Yesterday’s swim

A small shoal of convict tang feeding.
I think this is a spotted coral blenny on a head of purple cauliflower coral, and possibly a small trumpetfish.

This is a second response to this week’s Sunday Stills challenge theme of ‘Waterworld.’ (See more responses here.) Yesterday, I posted about the movie Waterworld. Today, it’s a probably more expected response.

These are photos I took during my swim yesterday. Visibility in the water was patchy with some good areas and some not so good. I didn’t see anything startling, though the mackerel shads aren’t a common sight. Last time I saw such a shoal there was a great barracuda lurking on the other side. I looked around and, sure enough, there was another one looking interested as it cruised low down, too low for a decent photo.

The other oddity was in the photo at left. I saw what I think is a spotted coral blenny on this patch of cauliflower coral, and snapped a quick photo before it took off. But it was only when I processed the photos that I saw something else, to the left and slightly below the blenny. I think it’s a small trumpetfish, but it could be something else. A lot of small fish and other creatures hide in coral heads so I must pay more attention from here on.

In short, it was a fairly typical swim.

A shoal of mackerel scad on the left with yellow tang on the right.
Little fish enjoy the comparative safety of the shallow water in the surge zone.
On the left, a fourspot butterflyfish and a cushion star. On the right, black triggerfish are cleaned by a Hawaiian cleaner wrasse.
Just before getting out I saw this small Pacific trumpetfish with goldring surgeonfishes.

11 thoughts on “Yesterday’s swim

    1. Graham Post author

      I used to have a small waterproof camera, which worked fine until water got in and then it was instantly dead. Now I have a small Canon point-and-shoot camera in a waterproof housing. I like this setup better because even if a bit of water gets in the housing it’s not necessarily going to ruin the camera. Touch wood, I haven’t had any issues with it yet. I’m mostly a snorkeler and not a great diver so most shots, including all these, are from the surface. Every once in a while I’ll dive down, but I find that’s better for things that don’t move around too much. If I dive for fish, they’re gone by the time I get down to them.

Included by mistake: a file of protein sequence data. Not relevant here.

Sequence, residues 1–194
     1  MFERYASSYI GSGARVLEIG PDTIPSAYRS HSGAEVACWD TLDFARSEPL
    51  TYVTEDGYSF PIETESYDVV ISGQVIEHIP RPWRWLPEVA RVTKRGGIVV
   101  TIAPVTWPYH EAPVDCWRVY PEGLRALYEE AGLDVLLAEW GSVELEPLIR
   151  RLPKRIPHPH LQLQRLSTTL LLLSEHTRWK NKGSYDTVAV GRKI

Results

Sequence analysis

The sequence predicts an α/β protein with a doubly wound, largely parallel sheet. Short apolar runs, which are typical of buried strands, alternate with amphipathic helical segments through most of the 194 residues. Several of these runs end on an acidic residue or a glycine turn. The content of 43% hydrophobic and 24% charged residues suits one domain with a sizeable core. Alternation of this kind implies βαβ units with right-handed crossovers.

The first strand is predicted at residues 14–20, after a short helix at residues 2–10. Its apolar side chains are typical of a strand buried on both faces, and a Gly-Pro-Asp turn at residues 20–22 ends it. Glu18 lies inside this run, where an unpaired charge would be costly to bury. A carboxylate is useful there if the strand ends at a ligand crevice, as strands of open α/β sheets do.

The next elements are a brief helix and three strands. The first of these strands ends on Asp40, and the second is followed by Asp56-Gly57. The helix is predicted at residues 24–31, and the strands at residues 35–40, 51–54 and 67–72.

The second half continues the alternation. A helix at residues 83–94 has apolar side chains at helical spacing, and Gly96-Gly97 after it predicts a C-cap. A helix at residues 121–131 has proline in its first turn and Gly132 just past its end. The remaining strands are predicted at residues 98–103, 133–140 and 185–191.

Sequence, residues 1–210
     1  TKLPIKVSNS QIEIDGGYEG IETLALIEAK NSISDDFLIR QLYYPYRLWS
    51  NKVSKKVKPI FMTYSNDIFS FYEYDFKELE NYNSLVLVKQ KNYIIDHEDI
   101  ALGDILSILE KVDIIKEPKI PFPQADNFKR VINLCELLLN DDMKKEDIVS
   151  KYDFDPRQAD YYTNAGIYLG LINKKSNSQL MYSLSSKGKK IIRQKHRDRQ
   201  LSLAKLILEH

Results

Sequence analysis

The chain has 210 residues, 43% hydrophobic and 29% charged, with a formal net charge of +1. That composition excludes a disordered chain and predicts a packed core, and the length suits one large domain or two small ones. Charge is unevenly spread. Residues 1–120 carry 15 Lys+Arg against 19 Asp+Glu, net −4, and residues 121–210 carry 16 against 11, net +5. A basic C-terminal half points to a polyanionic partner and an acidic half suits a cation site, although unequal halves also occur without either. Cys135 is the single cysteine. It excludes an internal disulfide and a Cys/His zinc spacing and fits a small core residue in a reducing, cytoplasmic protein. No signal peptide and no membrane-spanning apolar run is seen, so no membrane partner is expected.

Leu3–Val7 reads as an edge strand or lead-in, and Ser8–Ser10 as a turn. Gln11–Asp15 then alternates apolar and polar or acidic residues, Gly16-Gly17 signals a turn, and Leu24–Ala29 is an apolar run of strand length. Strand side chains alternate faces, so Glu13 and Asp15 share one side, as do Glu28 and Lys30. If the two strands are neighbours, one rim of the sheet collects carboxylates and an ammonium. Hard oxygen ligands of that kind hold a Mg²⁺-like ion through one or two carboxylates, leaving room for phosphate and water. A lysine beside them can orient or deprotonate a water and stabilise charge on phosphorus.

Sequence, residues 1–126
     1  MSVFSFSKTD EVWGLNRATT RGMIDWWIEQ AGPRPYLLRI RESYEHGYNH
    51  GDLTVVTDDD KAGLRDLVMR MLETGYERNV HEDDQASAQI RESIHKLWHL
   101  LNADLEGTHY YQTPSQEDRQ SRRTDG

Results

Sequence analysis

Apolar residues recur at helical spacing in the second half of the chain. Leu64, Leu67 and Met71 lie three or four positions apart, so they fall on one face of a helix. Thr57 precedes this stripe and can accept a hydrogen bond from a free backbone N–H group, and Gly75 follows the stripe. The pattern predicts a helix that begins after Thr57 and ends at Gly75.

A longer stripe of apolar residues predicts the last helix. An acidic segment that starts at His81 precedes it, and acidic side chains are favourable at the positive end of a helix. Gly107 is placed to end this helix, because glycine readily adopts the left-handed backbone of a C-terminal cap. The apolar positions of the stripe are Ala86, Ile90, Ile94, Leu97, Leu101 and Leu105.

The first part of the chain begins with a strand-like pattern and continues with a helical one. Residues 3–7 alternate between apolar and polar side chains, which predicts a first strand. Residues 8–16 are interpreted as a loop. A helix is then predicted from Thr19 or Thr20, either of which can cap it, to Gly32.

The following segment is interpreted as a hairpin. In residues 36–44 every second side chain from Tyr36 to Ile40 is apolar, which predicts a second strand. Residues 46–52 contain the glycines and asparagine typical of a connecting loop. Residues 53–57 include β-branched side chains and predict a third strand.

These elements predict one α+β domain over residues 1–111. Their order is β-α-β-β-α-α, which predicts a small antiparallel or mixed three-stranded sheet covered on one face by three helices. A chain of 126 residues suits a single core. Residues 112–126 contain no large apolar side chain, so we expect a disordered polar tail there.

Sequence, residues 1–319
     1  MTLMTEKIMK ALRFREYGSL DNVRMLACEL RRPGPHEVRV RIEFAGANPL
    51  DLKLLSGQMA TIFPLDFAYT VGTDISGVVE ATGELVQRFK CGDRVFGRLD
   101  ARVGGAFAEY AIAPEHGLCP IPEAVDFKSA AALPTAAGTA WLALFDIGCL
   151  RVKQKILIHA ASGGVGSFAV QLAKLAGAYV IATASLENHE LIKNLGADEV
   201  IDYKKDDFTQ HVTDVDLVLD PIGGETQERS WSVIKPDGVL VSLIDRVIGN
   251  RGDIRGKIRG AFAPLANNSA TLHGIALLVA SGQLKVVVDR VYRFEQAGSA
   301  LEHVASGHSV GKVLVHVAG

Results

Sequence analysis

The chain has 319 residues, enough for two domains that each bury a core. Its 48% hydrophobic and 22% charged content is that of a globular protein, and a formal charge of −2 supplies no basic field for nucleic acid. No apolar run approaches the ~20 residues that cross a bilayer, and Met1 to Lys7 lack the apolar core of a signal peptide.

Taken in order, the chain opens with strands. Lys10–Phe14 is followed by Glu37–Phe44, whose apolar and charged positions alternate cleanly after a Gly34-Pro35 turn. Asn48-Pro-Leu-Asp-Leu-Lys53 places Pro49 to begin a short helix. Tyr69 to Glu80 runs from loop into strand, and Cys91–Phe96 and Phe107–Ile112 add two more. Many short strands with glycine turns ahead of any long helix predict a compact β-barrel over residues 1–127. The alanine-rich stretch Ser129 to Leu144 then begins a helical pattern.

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      1. SandyL

        Interesting. I never thought about it, but just like wildlife photography involves a whole lot of waiting around, underwater photography must be doubly so. Marvelous that you have such clear waters that you can take your photos from the surface. Amazing.

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        1. Graham Post author

          Less clear waters than they used to be unfortunately, but still not bad, particularly on the good days. I don’t wait around much for photos. If I see something interesting, I try and get a quick photo because the fish might be gone in an instant.

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  1. naturebackin

    A lovely collection of interesting and atmospheric shots – I could almost feel the gentle tug and pull of the surge and the sun on my back. But no, instead a cold front is currently arriving, temperatures are dropping with a promise of snow on the mountains tomorrow brrr.

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      1. naturebackin

        Thanks. We lit our first fire of the season in our wood burner today 🙂 The cats and dogs are thrilled! Enjoy your late spring – or is it early summer yet? Incredibly its less than a month to go until solstice.

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        1. Graham Post author

          Late spring here technically, but starting to feel like summer. When I lived in Washington State, I used to delay that first fire of the fall for as long as possible as, to me, it signaled that it was all downhill, temperature-wise, from then on.

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